Sharp rise in livestock rustling blamed on organised gangs

Animals worth £3m were stolen from UK farms last year, leaving farmers worried that organised gangs are targeting livestock.

Large-scale sheep thefts over the past two years have contributed to a 19.4% rise in value since 2017, making rustling the costliest crime for the UK’s farming sector after vehicle and machinery theft, according to NFU Mutual.

There have been regular reports of 50-100 sheep being taken in a single raid, with the meat from the stolen animals likely to be destined for the black market.

See also: What to do if you’re the victim of… sheep rustling

Rebecca Davidson, rural affairs specialist at NFU Mutual, said: “Rustlers are getting more skilled and organised, quickly loading sheep onto trailers and lorries late at night.

“We are concerned that gangs are now using working sheepdogs, which have also been stolen, to get the job done.

“As well as causing untold suffering to sheep, which may be in-lamb when they are stolen, rustling is causing high levels of anxiety for farmers who have built up their flocks over many years.”

One of the most alarming trends in recent years has been the illegal butchery of animals in the field. As well as the financial loss, these crimes are disturbing for farmers who find the remains of their slaughtered animals.

Prevent rustling

To deter livestock thieves, NFU Mutual advises farmers to ensure stock is clearly marked and records are up to date.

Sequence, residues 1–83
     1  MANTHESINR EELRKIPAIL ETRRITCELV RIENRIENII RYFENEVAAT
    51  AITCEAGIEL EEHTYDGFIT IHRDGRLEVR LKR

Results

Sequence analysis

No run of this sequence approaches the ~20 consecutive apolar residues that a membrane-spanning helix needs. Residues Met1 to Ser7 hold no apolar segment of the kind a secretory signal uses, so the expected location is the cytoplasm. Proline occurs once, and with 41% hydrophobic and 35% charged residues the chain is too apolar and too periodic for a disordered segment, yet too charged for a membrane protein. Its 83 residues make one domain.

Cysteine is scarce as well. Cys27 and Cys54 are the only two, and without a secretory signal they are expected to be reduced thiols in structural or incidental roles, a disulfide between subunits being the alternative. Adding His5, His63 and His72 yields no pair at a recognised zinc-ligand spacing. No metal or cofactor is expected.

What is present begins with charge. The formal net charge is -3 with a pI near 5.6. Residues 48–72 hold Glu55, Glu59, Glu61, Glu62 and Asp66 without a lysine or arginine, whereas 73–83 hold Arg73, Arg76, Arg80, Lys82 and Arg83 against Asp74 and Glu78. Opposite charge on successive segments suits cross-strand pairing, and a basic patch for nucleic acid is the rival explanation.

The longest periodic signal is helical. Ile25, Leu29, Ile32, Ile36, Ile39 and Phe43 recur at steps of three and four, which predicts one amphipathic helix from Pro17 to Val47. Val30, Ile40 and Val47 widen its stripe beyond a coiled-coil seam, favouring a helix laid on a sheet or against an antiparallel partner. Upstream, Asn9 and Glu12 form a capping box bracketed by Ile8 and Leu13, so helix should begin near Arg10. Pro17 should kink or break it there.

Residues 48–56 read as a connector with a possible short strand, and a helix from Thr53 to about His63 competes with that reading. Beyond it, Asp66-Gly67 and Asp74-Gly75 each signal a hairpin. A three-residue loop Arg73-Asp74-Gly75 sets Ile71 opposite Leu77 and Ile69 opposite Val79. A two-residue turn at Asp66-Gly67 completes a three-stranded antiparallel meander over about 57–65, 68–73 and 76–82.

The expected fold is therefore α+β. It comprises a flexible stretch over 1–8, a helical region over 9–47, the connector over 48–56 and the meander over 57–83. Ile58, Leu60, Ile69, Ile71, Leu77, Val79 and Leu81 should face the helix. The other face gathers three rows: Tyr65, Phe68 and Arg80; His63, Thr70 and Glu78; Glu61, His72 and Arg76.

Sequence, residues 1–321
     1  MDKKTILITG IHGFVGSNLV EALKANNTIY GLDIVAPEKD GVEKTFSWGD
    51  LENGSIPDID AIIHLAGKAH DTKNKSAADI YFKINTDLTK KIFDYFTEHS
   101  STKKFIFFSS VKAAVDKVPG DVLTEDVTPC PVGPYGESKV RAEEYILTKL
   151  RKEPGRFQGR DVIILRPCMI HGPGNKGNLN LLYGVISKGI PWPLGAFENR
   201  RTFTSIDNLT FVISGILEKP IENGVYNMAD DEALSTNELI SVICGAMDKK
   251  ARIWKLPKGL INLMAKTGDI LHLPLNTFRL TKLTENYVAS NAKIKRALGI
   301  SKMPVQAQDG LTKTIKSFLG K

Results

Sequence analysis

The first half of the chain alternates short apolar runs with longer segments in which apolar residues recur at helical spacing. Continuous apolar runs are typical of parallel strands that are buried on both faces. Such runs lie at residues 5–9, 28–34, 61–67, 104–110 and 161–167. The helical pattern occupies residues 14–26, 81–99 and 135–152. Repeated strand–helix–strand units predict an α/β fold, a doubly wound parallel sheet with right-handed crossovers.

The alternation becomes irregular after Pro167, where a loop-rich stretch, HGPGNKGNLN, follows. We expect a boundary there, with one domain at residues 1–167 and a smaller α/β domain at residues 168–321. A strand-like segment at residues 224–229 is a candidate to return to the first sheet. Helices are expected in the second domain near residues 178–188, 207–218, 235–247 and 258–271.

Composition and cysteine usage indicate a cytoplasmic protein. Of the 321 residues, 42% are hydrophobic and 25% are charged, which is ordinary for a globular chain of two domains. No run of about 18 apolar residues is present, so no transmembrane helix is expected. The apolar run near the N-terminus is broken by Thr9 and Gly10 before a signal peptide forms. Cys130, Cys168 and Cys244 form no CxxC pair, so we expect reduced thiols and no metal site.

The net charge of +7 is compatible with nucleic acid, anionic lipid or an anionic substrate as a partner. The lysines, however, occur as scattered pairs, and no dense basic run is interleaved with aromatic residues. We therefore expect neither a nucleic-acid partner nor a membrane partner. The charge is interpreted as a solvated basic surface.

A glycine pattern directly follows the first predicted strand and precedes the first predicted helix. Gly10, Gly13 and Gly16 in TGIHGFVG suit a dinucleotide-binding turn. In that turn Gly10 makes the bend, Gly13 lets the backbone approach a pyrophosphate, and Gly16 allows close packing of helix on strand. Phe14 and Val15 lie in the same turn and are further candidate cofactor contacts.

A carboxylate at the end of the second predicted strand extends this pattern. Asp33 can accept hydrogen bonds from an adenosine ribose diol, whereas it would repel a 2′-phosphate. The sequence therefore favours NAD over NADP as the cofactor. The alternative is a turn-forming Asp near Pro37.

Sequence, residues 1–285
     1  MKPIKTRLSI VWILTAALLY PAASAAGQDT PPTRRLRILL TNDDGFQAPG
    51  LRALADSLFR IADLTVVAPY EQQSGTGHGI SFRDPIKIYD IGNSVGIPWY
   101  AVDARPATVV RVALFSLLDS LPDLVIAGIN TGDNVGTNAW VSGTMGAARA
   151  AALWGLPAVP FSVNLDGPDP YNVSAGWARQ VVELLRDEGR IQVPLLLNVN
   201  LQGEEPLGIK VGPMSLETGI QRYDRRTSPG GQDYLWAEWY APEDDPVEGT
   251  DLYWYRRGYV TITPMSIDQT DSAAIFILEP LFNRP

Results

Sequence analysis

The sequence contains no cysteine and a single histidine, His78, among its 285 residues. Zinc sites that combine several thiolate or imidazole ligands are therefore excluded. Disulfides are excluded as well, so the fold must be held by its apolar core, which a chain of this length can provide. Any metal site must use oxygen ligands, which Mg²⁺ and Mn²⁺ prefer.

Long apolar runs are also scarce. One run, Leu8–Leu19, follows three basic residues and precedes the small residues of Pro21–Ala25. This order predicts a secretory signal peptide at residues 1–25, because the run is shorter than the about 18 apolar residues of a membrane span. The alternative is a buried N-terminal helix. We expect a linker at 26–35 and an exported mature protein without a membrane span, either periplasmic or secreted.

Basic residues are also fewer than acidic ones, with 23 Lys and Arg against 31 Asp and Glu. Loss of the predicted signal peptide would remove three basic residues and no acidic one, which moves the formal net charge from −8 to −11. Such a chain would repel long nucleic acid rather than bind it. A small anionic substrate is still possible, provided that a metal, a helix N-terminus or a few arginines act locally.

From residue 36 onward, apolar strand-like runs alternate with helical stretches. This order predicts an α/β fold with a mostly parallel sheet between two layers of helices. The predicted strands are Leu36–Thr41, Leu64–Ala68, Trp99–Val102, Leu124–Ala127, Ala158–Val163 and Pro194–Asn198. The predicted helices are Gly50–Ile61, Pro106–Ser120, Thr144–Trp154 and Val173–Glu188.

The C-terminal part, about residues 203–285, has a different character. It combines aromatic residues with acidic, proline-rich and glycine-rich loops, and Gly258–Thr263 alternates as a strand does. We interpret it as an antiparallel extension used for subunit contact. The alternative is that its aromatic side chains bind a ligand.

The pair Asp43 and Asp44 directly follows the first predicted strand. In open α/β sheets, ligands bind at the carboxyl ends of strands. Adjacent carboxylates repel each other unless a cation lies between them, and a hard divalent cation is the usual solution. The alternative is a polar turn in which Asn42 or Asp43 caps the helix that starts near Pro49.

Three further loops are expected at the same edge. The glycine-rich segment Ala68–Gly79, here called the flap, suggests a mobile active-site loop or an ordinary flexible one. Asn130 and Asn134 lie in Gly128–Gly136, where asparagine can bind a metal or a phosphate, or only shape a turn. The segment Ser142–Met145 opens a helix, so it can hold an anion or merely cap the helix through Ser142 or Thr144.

The insurer also says farmers should graze animals in fields away from roads, where possible, and consider a marking system such as TecTracer, which puts thousands of coded microdot markers into a sheep’s fleece.

Farm or rural watch schemes are also a good way of sharing information about crime in local areas.

Farmer mystified after 61 ewes stolen

Steve Carnie had 61 ewes stolen from a field near his farm in Broughton Gifford, Wiltshire, on 16 or 17 December.

Mr Carnie manages 1,200 ewes and keeps them in fields between the nearby villages of Biddestone and Chippenham throughout the winter.

He said: “When we went to check on the group, we noticed that it looked smaller and soon realised 61 out of the 106 we had in the field had gone.

“We walked the perimeter fence, but there was no sign of how or where they were taken. You would have thought there would be tracks or evidence. We were mystified – they must have had good dogs.”

Mr Carnie said it was likely the pregnant ewes would be killed straight away and their meat sold on the black market. The 60-year-old added that farmers were fighting a losing battle to protect their livestock from highly organised thieves.

Steve Carnie in a shed with ewe and lambs

Steve Carnie

He said: “We could install cameras, but what good would that do? We could use trackers, but that is another cost.

“All of our sheep are marked with a red stripe, but the ones that were taken were in a field seven miles from the farm. We can’t keep an eye on them all the time.”

The farmer said he was frustrated at the lack of action from the police, after two patrol cars he stopped in the area said they knew nothing of the theft, even though he had reported it.

Mr Carnie urged the public to note down number plates of suspicious vehicles or any livestock lorries.

Wiltshire Police said they are investigating two other incidents of sheep thefts in the county.

In early November, about 45 sheep were stolen from a gated and locked field in Corsham Road, Lacock. On 27 December, 72 Romney breeding ewes were reported stolen from a field on the Bowood Estate, Derry Hill.

PC Emily Thomas said: “We are keeping an open mind but we believe these incidents may be linked and those responsible must be skilled sheep handlers with trained dogs as this kind of theft requires a high level or organisation to be conducted quickly and undisturbed.”

Anyone with information about any of the incidents should call 101 and quote crime reference number 54190124666.

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